Calling a spade a spade, the turnaround effort at J C Penney Company Inc (NYSE:JCP) is indeed getting traction. On the flip side, it has been like watching paint dry, and JCP stock holders are getting restless waiting for convincing growth.
Well, the pace of progress might have picked up a bit more last quarter than the market appreciates.
Although JCP stock moved into the red following Wednesday’s post-close earnings report, a deeper look at the numbers — past, present and future — seem to reveal that the end zone is closer than many realize.
That’s not to say JCPenney is on the cusp of restoring its powerhouse status it enjoyed as recently as 2007. But it is to say that JCP stock may be a bargain for investors that can look more than just a few months down the road.
JCPenney Earnings by the Numbers
In the first quarter of 2015 (fiscal 2016), JCPenney stores did slightly better with the shopping crowd. Overall sales for the retailer were up 2.1% on a year-over-year basis, reaching $2.86 billion. That was slightly less than the $2.87 billion in revenue analysts were collectively expecting. Same-store sales grew 3.4%, just missing expectations of 3.5%.
Still, JCP was able to impress where it mattered more — on the bottom line. The loss narrowed to just $173 million during Q1, translating into a loss of 55 cents per share of JCP stock. That’s leaps and bounds better than the loss of $1.16 per share booked in the same quarter a year earlier, and considerably better than the 76-cent loss the pros were looking for.
The progress wasn’t the mere result of some fortuitous accounting, either. Gross margins grew to 36.4%, up from 33.1% in the first quarter of 2014 (fiscal 2015), and up from 33.8% in the fourth quarter of last year.
JCP Raises the Bar
Despite coming up short on the sales front last quarter, JCPenney upped its full-year sales outlook. The retailer now expects same-store sales to grow between 4% and 5% in 2015, up from a previously suggested range of a 3% to 5% increase in same-store sales.
The company anticipates that higher top line to lead to a stronger bottom line as well. JCP suggested its 2015 gross margins should grow between 100 and 150 basis points above last year’s overall gross margins of 34.8%.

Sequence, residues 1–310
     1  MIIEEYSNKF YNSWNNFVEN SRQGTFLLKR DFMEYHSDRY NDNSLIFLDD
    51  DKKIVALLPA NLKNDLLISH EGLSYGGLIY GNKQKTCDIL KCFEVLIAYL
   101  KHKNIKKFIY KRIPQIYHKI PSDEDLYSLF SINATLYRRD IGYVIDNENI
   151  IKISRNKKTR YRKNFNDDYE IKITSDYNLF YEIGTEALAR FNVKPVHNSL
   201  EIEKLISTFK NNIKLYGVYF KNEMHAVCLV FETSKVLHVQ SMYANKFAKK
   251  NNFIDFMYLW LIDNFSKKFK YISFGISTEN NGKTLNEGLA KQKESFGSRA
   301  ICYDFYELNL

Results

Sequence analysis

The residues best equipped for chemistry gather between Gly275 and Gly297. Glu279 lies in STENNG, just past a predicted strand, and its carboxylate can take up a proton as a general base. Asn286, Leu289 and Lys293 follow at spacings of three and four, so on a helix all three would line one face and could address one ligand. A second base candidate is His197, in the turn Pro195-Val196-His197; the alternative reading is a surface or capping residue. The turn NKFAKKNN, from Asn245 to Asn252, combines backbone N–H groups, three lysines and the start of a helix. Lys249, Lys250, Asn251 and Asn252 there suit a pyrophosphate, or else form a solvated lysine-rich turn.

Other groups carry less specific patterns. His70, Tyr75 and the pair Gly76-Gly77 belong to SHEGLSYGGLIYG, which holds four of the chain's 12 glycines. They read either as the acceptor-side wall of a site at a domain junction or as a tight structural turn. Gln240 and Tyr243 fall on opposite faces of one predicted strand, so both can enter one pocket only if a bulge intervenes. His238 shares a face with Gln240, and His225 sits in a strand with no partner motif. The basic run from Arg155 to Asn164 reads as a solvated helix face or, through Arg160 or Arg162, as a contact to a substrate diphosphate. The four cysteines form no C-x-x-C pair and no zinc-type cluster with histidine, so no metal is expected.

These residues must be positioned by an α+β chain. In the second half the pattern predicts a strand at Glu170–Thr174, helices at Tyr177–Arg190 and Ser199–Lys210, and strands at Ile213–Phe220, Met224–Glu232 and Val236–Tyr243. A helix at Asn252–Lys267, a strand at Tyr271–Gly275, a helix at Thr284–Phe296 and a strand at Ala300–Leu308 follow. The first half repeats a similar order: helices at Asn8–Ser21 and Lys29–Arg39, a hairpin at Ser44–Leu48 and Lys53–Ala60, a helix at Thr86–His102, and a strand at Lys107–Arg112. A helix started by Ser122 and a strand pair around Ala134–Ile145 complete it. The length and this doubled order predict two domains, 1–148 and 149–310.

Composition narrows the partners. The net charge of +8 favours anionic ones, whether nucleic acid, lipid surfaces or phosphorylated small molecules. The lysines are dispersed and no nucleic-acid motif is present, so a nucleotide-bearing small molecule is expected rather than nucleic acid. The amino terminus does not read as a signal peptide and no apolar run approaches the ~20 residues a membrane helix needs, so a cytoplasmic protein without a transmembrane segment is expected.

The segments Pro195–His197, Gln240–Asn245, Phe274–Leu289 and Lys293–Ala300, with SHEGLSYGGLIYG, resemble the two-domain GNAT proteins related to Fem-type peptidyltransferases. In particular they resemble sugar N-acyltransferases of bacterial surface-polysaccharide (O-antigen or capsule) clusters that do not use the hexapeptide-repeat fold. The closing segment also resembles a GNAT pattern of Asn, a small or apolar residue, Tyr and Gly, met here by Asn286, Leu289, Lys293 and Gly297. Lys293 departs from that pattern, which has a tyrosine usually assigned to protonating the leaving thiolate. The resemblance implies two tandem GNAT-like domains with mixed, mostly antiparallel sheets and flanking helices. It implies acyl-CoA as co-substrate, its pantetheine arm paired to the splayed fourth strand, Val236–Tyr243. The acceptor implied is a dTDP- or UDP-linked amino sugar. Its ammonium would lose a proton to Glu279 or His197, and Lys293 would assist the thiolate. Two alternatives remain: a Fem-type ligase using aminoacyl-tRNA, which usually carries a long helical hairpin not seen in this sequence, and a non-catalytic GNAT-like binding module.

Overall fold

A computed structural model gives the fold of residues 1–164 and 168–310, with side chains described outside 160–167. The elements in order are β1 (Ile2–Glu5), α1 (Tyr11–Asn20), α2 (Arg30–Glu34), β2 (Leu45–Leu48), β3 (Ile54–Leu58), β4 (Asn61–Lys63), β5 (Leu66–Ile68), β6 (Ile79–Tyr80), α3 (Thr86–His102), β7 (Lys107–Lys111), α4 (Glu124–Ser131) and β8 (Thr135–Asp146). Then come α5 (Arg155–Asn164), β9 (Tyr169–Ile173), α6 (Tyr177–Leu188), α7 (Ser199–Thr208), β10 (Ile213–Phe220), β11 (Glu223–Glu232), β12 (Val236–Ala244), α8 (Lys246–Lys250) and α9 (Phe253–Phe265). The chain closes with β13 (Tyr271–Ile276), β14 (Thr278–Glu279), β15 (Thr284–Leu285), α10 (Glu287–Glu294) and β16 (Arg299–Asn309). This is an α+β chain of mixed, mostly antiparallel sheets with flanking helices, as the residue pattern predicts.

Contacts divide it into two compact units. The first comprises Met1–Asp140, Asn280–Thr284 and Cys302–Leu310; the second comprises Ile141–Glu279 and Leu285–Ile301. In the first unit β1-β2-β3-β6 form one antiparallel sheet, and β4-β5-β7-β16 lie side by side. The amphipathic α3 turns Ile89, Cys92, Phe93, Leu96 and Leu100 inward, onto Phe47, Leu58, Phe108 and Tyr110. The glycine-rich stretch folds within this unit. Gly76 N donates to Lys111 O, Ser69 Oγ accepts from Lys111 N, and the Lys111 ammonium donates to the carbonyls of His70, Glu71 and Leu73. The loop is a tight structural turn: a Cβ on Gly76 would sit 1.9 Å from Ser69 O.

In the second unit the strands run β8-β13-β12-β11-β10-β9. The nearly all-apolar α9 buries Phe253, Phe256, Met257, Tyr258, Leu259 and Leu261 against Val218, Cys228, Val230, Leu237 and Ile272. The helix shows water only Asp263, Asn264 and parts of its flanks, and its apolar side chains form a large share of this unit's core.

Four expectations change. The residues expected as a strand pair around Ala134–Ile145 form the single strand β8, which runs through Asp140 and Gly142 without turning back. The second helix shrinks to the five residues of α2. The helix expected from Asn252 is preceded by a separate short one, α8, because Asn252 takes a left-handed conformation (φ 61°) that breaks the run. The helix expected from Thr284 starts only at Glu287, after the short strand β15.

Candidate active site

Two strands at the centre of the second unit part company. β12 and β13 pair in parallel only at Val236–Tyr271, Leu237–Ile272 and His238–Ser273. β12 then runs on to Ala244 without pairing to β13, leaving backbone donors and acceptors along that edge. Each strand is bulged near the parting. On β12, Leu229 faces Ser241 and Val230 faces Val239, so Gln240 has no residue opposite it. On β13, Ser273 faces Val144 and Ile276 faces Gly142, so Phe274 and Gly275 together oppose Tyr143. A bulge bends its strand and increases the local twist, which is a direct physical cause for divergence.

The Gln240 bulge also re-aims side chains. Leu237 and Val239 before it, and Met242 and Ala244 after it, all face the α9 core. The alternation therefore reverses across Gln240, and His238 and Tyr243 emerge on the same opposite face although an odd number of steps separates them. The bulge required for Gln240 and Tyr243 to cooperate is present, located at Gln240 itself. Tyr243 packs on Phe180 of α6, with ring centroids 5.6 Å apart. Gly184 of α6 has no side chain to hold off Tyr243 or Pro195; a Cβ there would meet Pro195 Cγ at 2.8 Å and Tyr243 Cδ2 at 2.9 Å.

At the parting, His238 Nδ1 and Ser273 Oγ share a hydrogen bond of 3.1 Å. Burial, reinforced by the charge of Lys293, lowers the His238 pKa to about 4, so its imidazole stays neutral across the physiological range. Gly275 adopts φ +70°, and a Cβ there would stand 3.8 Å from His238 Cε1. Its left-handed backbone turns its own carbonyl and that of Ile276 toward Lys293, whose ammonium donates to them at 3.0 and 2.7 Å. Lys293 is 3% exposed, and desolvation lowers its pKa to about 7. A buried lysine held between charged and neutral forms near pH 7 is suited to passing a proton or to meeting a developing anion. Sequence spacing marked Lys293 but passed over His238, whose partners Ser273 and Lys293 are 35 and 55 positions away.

It’s not a mere pipe dream, either. JCPenney is adding, re-adding, and revamping its venues and product selection to get back in the groove it was in before peaking in 2007.
For instance, in March the company mailed a home-goods catalog for the first time in five years. And it’s starting to yield results. It’s also widening the reach of its Sephora beauty brand. Already a growing draw to stores, JCPenney said it plans on launching an online sales channel for the cosmetics name.
What Does It Mean for JCP Stock?
While the top line is admittedly growing at a disappointing pace and the company is still booking losses, the market may be overlooking the “just barely” nature of those losses.
A loss of $173 million on $2.86 billion in revenue translates into net margins of only -6.1%. For comparison, in fiscal 2014 (calendar 2013), JCPenney lost $1.7 billion, posting net margins of -14.5%.
It’s a rate of progress that puts a swing back to a full-year profit on the foreseeable radar by a finite point in time: fiscal 2019, or calendar 2018, to be specific. Reuters says the retailer is apt to earn 25 cents per share that year.
And considering that JCP has topped estimates in five of the past six quarters, one can’t help but wonder if the retailer will swing to a profit slightly ahead of schedule.
Most investors wouldn’t normally have that kind of patience waiting for a profit, save a biotech working on a breakthrough drug. In many ways, however, JCP stock is like a biotech stock with a great therapy in its pipeline. The odds of eventual success are high, and being a well-watched stock with a constantly recalculated risk/reward ratio, the market is apt to reward JCP as it reaches certain milestones en route to permanent profitability.
In other words, JCP stock might not be sexy, but it’s worth the wait, and it’s worth getting into now rather than later — even if most of the market doesn’t yet see it.
As of this writing, James Brumley did not hold a position in any of the aforementioned securities.